Now, if only I could do so well with determining a color for our house…
I’ve been spinning some yarn for my daughter, who loves to knit. And having been separated from the wheel for the better part of a year, it feels good to be back at it. My parents gifted me an old rocking chair that my great grandfather had made long ago. He was so proud of his chair and the work he put into it, from turning each spindle, to the engraving, to the sewing of the cushion (yes, my great grandfather was the seamstress in our family).
The thing about the chair is that it sits low, which I find quite comfortable. Moreover, it’s at exactly the right elevation for the wheel, making it ideal for long hours spinning. And it’s something to think about- the process of making a chair and how similar that is to the process of making yarn; how one cradles the other. That point is not lost on me.
This morning I was hosing off my shoes after completing a nasty rear hall renovation project on this old house and decided to water the apple trees while I had the water going. One of the trees we presumed had not made it looked like it had a plump terminal bud. I bent down and realized not only did it have a swollen terminal bud, but there was a tiny leaf sprouted off the trunk, well ABOVE the graft. Excitedly, I checked the other tree that we had presumed dead and it was LEAFED OUT! This means EVERY graft we made, apart from the one our dear, sweet son plucked out, is ALIVE!
[[[ For those who know me, the use of all caps is strictly forbidden under nearly every and all circumstances, so this is obviously an extremely momentous occasion… 😉 ]]]
Thirty-nine Shiawassee Beauties brought back from the verge of extinction!
In honor of my hometown, Elk Rapids, I’m currently spinning up a blue and white yarn reminiscent of Lake Michigan. It’s a blend of dyed silk-merino with our alpaca fiber.
We made a great discovery this morning. While checking on the trees, I discovered new growth on the trees I hadn’t thought made it. I kept them because I can still graft to the rootstock later, and I never imagined those scions would show signs of life at such a late date, but I saw a swollen bud on one and when I examined the trees, found several that had made a resurgence. So, while I thought we had only 29 Shiawassee trees, we now have somewhere in the mid-30s again. Maybe the move to Upstate NY was good for them? I removed the rootstock suckers and Chris is rooting them for future use.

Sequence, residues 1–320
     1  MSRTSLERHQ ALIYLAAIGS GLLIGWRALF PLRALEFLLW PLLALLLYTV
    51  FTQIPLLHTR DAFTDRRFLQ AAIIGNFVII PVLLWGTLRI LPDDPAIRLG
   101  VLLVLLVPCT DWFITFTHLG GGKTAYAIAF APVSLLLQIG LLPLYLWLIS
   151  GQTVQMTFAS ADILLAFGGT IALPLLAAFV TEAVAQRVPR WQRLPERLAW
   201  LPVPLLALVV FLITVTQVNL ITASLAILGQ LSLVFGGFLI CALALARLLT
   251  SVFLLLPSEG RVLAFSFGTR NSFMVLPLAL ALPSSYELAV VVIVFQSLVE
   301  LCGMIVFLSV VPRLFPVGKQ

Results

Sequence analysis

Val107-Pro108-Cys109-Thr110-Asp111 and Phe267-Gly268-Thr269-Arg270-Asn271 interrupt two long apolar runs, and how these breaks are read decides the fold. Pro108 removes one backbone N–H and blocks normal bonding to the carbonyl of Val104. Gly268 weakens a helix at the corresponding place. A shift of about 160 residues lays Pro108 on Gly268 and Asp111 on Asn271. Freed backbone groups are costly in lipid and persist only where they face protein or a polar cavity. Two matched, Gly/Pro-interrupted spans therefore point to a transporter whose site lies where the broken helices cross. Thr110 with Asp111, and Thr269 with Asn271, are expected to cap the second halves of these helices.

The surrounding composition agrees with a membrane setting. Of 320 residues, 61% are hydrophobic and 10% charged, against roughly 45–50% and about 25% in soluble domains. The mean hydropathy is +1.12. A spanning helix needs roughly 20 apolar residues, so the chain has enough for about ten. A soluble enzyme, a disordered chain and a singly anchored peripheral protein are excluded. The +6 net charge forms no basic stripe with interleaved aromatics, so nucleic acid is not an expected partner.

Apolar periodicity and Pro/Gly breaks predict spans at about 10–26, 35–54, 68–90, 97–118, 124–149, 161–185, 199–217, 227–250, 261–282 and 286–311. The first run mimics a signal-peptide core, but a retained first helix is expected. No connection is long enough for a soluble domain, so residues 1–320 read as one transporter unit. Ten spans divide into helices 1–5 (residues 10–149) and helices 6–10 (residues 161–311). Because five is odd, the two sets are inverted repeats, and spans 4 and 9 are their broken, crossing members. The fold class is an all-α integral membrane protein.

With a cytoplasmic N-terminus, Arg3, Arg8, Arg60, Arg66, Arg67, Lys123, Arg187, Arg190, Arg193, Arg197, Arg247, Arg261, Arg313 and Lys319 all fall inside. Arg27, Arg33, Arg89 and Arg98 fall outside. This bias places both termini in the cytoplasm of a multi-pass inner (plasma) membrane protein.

Had the good fortune of traveling to Vermont yesterday for a visit to the Scott Farm. Wow. That’s all I have time to say, but please look up the farm and if you’ve never been to VT, go now. It’s incredible. This week alone, we’ve traveled to CT, VT, MA, and tomorrow we head to Maine for the day. Loving NYS life.
We’ve stayed in Michigan through this time in June to celebrate a few events, including my middle daughter’s birthday yesterday, with friends and family. This last week has become kind of a farewell storm of gearing up for the big trip and meet-ups with friends and family. And the last few days have been especially fun.
Thursday eve was graduation. My girls have had the good fortune of attending a wonderful school in northern Michigan with a heavy focus on outdoor education. The educators are like family, and the girls so closely bonded with friends there. I think of the Greenspire School as a junior high where the difficult years are met with support and respect between students and among students and teachers. It was the one thing that held us here until the very last proverbial bell of the semester rang.
Yesterday, my daughter turned 14 right where I turned 14 (I’m suffer from a condition known as extreme sentimentality), on the shores of East Grand Traverse Bay, braving the chilly water to escape the thick June air. I could barely keep my toes in the water, but these kids stayed in the water for upwards of an hour swimming! My little fishies.
The evening prior, a dear friend I’ve known since high school, and the son of my farming
mentor, invited us to his farm for a send-off gathering. Following one of the best potluck dinners ever, we were met by a wall of wind and water in one of the most wicked storms I’ve seen since last August. We took shelter in the old greenhouse, seated on old wooden benches lit by candlelight. There, we told ghost stories and ate pie to pass the evening until the rain subsided enough for us to partake in the cannibal hot-tub. (Chris is now convinced we need one of these).
This cannibal hot-tub is made like an over-sized barrel with a submerged aluminum wood-fired stove. The water was a consistent and comfortable 98 degrees. Whenever we got too warm, we simply laid our heads back and let the cool rain wash over our faces. Lightning flickered in the distance and the low rumble of thunder shuddered over the churning waters of West Bay. I couldn’t have imagined a better send-off than that.
In the next few days, we’ll be loading the trucks, prepping for the long haul, and by Tuesday eve, arriving back home in New York. Having weathered the storm of this past eight months, it is finally time to put down our roots. Home awaits.